FRISCO, Colo. (CBS4) - Constant changes in the weather and high traffic are causing many mountain roads to deteriorate and it's causing a serious headache for drivers.
The Colorado Department of Transportation already knew a lot of the repair jobs are long overdue. Late last summer CDOT released a report saying that more than half of the roads were either dead or already dying. No place is that more true than in the mountains.
Gary Bergman with Meadow Creek Tires in Frisco showed CBS4's Stan Bush a huge stack of dead tires behind his shop. Every one of the tires was damaged by bad roads.
"It's worse this year than I've ever seen it," Bergman said. "This is the busiest year that I've seen for potholes and flat repairs this early in the season."
On Monday morning Bergman had a line outside his shop five cars deep even before he opened. For some of those cars, repairs can run up to $3,000.
"The hole gets bigger and bigger with more water, freezes in a larger amount and as it melts it just breaks it up to pieces," Bergman said.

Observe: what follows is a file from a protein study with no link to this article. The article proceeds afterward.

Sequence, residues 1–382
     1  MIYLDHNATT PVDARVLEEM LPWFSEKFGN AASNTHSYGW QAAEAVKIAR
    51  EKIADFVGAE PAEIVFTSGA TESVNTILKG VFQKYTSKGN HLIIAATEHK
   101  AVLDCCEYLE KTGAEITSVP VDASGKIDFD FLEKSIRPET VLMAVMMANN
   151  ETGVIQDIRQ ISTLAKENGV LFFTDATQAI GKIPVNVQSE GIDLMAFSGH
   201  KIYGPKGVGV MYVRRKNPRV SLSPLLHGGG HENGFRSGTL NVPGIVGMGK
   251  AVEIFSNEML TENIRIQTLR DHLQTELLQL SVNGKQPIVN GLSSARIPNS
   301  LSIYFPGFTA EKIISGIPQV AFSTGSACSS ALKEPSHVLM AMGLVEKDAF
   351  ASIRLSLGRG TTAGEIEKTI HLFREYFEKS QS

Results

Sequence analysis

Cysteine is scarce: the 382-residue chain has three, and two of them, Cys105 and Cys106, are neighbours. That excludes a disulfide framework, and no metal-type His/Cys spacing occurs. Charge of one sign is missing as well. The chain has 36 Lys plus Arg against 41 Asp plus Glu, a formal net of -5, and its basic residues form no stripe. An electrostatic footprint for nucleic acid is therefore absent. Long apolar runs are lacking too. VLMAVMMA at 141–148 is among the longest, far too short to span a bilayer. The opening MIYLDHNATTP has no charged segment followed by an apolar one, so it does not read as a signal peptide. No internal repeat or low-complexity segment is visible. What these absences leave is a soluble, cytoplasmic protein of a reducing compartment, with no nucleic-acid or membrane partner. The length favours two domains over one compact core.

"The resurfacing is just always ongoing," CDOT engineer Grant Anderson said.
The summer is already setting up to be a busy one for CDOT. Crews have been working all winter to plug up holes in the roads, but the patches don't last long the high country's harsh conditions.
"You get melt during the day and it's just a cycle," Anderson said. "We're pretty unique in how many cycles we have up here."
CDOT engineers will work on some of the busiest roads this summer. A couple of very bad long stretches of road will be completely retooled.
"The big one is Highway 91 between Copper and Fremont Pass. So that's about 10 1/2 miles," Anderson said.
But other spots, like a section of Highway 9 between Frisco and Breckenridge will only get a Band-Aid.
Floyd Hill and Vail Pass are also expected to get some major repair work this summer.
CDOT says it would need billions of dollars in extra funding to repair all of the roads that need fixing in the mountains.
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